Controlled Contact vs. Uncontrolled Contact are terms I prefer to use with the management of elephants instead of all the current titles given in the industry. You either have control or you do not. There have been injuries and incidents in both "Free Contact" and "Protected Contact" that have occurred due to a lack of behavioral control. Also, in management of the elephants it appears that some animals do better in one system while others do better in another. Safety and a high degree of husbandry care are critical factors for consideration in elephant management but so is reproduction. The zoological industry is going to have refine elephant management further to address breeding across systems and the related challenges of successful birthing. (i.e. Insure both the mother and offspring survive; this would also include integration into the herd structure.)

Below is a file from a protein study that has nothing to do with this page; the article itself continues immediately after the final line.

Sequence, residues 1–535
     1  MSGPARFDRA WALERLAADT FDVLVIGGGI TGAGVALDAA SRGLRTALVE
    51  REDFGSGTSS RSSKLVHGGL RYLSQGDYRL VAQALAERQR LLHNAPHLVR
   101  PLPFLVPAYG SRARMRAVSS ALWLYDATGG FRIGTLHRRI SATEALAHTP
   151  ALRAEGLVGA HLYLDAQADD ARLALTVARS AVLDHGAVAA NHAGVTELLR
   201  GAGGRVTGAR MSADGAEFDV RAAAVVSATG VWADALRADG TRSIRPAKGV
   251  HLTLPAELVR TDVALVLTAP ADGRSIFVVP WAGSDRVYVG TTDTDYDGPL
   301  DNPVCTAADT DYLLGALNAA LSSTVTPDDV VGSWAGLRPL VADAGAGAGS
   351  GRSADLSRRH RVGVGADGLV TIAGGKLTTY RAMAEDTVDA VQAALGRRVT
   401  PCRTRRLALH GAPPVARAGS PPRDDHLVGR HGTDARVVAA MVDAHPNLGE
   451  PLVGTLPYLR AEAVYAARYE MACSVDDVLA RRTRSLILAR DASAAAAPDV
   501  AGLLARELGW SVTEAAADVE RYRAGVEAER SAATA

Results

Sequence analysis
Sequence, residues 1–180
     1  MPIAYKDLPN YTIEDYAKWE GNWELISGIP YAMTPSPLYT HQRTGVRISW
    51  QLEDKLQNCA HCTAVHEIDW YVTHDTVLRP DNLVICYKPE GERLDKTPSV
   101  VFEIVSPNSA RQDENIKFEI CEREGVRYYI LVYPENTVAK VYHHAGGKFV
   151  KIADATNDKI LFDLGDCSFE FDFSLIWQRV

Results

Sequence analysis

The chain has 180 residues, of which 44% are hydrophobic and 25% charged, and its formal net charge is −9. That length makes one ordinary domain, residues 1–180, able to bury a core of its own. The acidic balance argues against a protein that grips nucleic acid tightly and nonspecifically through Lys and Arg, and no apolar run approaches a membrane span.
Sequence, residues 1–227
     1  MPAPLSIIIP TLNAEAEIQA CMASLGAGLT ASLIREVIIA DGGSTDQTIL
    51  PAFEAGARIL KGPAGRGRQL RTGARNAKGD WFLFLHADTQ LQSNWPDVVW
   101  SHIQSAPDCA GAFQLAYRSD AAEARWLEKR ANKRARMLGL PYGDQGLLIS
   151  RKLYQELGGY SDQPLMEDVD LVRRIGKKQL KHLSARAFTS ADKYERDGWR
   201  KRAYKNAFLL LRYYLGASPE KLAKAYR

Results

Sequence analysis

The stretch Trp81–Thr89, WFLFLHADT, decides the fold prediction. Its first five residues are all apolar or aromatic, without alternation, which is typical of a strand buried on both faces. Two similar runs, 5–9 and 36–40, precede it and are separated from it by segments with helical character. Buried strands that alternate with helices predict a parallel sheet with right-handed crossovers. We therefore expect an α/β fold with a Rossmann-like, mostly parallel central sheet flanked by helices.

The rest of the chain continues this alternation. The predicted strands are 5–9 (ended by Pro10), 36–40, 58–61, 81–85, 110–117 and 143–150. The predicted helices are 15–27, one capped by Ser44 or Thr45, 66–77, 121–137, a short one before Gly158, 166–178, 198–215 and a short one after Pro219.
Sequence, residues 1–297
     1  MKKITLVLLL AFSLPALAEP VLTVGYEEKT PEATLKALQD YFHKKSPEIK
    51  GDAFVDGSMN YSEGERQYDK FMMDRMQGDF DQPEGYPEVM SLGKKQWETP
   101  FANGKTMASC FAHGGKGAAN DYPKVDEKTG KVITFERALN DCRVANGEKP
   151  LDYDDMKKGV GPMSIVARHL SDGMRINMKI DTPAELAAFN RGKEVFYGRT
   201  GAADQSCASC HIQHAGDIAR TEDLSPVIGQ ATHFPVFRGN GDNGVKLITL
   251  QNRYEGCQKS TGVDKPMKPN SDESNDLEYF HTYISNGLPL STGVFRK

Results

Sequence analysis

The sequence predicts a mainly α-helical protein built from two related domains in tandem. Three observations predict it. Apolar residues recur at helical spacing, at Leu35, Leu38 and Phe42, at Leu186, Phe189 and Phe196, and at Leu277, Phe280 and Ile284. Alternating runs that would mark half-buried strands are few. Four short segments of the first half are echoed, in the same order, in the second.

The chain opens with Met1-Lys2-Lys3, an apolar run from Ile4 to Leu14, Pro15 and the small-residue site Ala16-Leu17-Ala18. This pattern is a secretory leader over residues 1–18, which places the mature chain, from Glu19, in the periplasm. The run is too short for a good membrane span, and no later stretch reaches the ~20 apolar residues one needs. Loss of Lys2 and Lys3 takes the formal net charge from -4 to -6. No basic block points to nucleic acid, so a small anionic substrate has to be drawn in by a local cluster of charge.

Both types of elephant programs seem to have the same interests. The shades of interest are what differ. All are concerned with the health and safety of their personnel and animals, public image, and with procedures and liabilities. Not all of those concerns are addressed depending on the facility, financial resources, experience of personnel, and the individual characteristics of the elephant collection.

The advocates of the "Protected Contact" programs seem to mainly verbalize concerns focused on human safety, liability, inconsistencies in handling, and public opinion. While supporters of the "Free Contact" programs seem to place their focal points on concerns regarding animal husbandry care and breeding, tradition, and the educational and emotional impact the close contact with their animals provides to the public.

So although both systems have their difficulties and associated risks, the common goals are to properly control and maintain the elephants in their care in the most optimum manner. How is this defined? Perhaps it is determined by the success in day to day operations.